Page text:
I’m with you .. The only noise we hear at our very occasional stays at Wal-Mart are the parking lot sweepers.

Diane Mc
1 month ago

Dropped off RV for new paint/upgrades at factory (IN) after trip to Fl from CA. We weren’t looking forward to hotel stays & driving the toad home & back. We minimized what we brought w/us to Fl. (Never returned much of it back to the MH!) Signed up w/Holiday Inn & got a credit card for IHG (company under which HIE falls). CC earned us lots of points for stays as did the stays each night. We were pleasantly surprised at how nice the hotels/rooms were. Beds very comfortable. Good “free” breakfast, so didn’t have to stop somewhere. Had big suitcases for clothes we needed to bring back. We had one smaller one we shared & just put in what we needed for a night, replenishing from larger ones. We each had a small overnight bag with toiletries & iPads/chargers, etc. No lugging big suitcases. Earned enough pts that paid for a number of nights for a later trip to WA to see family. We can see ourselves traveling like this after we hang up RV’ing. Never saw that happening.

Bill H.
1 month ago

I am considering downsizing to a Class B, preferably an older gas model with a built in generator that will power the overhead A/C. My thinking is to use the RV for travel and sightseeing, and a place for my limited mobility wife to stay when she gets tired and needs to rest, and with her own toilet available. We’ll stay in a motel every night. Motel 6 or Red Roof Inn where pets stay for free and I can park in front of my room, thus limiting my wife’s walk. I don’t care about a “free” breakfast, because nothing is free. There are usually any number of places nearby where a good breakfast or dinner can be had, but my plan is to fix my own breakfast, lunch, and dinner using the RV kitchen, or even bringing an electric skillet inside the room. I don’t need to run my RV fridge at night because the room comes with a fridge and microwave. As Chuck said, the room has a more comfortable bed and all the hot shower I can stand. The big plus is the price, usually comparable to an RV park.

Jeff Craig
1 month ago

I can relate Chuck – my wife is a Hotel Manager! A few years ago, she took our RV to Idaho to help work in a hotel there, and while she COULD have stayed for free on the property, she convinced the bosses to pay for her space at a nearby RV resort, and they actually let her stay for three whole months instead of just one month. Holiday Inn Express has some of the best breakfasts of any hotel we’ve stayed at, including those ‘Carbons Belgian Waffle’ makers and even the robotic pancake machines. I stay away from the scrambled eggs, but the prefab omelets are decent with the cheap salsa packets they offer. The only issue with us staying in hotels is my wife spending a few hours talking shop with the staff! Luckily, she’s able to use her employee discount, bringing those often astronomical nightly rates down to earth.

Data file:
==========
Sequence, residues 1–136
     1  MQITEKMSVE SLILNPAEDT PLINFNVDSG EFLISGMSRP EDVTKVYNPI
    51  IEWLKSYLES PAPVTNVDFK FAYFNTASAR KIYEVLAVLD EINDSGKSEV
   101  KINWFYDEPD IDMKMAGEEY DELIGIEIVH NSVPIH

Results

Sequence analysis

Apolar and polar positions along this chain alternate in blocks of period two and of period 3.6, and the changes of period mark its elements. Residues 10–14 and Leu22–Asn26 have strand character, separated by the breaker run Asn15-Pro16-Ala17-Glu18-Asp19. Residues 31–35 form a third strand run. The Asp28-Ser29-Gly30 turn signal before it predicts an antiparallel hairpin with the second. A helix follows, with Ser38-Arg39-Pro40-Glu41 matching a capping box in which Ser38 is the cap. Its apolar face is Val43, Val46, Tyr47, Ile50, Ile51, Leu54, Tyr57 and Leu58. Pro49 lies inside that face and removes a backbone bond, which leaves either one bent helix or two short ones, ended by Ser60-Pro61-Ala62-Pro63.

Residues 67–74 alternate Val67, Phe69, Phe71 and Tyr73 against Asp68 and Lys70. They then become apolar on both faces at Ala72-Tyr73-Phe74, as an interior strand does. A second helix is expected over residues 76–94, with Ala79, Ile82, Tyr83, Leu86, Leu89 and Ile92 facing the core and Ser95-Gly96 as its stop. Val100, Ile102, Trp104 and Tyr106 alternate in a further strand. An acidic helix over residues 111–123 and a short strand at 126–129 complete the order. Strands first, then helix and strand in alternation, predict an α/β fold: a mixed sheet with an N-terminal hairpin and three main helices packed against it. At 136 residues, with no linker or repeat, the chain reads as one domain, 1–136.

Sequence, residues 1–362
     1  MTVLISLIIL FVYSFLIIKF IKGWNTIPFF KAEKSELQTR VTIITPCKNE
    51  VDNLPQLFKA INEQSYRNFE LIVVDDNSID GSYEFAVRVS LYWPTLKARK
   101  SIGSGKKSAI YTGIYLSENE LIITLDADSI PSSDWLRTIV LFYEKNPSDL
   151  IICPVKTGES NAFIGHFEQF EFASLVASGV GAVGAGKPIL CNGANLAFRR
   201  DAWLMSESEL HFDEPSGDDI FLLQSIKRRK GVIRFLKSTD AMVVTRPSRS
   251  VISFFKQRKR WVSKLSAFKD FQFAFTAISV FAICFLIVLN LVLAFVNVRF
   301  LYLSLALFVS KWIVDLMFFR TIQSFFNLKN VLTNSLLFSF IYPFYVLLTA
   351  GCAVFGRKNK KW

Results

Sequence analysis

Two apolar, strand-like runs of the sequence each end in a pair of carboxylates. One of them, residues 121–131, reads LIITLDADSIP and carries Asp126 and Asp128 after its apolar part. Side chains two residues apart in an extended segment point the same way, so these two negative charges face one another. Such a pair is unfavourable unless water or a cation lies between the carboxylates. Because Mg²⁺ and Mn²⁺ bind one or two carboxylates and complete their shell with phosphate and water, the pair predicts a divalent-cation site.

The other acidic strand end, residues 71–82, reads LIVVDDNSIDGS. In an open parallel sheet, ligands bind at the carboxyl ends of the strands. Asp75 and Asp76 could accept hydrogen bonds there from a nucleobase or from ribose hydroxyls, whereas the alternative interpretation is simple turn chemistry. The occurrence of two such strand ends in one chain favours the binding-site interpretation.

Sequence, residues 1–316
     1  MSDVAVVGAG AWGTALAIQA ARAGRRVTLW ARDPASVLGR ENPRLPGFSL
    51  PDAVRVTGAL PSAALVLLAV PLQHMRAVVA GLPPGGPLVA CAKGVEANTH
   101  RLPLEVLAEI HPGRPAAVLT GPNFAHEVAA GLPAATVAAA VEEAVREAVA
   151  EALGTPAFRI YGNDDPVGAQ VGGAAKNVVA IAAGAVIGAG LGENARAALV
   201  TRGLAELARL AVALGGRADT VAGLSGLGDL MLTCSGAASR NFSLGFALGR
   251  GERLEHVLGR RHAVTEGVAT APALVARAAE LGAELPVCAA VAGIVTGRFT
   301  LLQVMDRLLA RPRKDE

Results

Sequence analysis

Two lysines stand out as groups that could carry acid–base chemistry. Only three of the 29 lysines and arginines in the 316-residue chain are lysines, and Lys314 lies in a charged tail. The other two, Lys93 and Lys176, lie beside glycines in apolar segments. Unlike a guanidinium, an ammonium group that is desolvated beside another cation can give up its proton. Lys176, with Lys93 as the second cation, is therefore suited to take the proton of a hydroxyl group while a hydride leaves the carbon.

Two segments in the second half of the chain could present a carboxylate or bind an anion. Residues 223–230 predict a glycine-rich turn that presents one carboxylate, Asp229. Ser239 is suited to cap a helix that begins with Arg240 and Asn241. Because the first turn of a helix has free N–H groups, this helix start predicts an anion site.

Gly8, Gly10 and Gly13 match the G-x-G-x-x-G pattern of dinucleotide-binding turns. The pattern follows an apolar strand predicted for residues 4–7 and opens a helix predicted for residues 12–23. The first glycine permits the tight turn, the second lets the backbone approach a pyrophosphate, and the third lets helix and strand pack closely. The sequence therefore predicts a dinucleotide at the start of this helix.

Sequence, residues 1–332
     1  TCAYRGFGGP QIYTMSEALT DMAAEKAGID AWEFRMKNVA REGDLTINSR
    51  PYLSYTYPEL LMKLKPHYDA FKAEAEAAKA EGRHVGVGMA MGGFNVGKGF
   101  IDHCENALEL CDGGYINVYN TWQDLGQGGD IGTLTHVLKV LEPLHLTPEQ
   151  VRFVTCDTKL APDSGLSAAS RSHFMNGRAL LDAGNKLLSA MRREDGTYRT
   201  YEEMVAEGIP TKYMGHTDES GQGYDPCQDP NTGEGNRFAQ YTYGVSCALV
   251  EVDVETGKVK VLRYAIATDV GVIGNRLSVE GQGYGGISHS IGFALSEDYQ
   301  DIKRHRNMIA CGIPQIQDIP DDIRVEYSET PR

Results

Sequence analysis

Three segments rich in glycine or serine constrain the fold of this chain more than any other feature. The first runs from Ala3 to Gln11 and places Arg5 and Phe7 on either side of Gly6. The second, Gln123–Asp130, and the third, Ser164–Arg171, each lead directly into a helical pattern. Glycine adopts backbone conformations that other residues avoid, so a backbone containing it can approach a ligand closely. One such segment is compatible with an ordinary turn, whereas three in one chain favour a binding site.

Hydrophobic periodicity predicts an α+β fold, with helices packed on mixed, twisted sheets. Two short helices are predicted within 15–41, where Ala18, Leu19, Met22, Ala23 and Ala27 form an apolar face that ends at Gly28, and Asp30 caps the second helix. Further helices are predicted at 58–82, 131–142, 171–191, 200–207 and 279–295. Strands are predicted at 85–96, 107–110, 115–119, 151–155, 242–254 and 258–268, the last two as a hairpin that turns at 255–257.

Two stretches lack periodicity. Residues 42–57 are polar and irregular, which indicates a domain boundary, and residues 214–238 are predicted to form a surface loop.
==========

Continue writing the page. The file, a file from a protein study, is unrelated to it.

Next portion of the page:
Ellie
1 month ago

I have to wonder where Chuck and Gail went. We live in the Central Valley south of Fresno. 107 this weekend. Good thing they already returned to Seattle!

Fred
1 month ago

We travelled just like Chuck this week. We travelled, from the Gulf Coast in Alabama, to Bullhead City AZ (1900 miles) in 4 days to pick up our new Host truck camper. We stayed in motels for the first time in over 14 years. Two nights in Motel 6s were bearable, but the third was miserable, with paper thin walls & poor water. So, the fourth & fifth night, we stayed in a Days Inn, which was wonderful. For only $10 more ($75), we got a really nice room, with more amenities than Motel 6, & a fantastic, free breakfast, with a great selection of hot & cold foods. The whole experience at Days Inn was far superior to Motel 6 for only $10 more. But we did tire of eating in restaurants, like Chuck did, & living out of the truck got old real fast. We now have our triple slide truck camper, & are trying to settle back into our fulltime rv lifestyle.

bill
1 month ago

My experience driving in June from Salem OR to Santa Cruz in our BT Cruiser 5230 was quite different. We dropped in with no reservations at 2 Oregon State Parks ($) then spent a night in the redwoods at a California State Park ($$$). Total camping cost en route was $96. Beautiful drive down Highway 1 and 101. Meanwhile Motel6 was $130 a night. Newer Motel6 are very nice but $130???
In my opinion camping reservations are for someone else and that whole system needs to be revamped.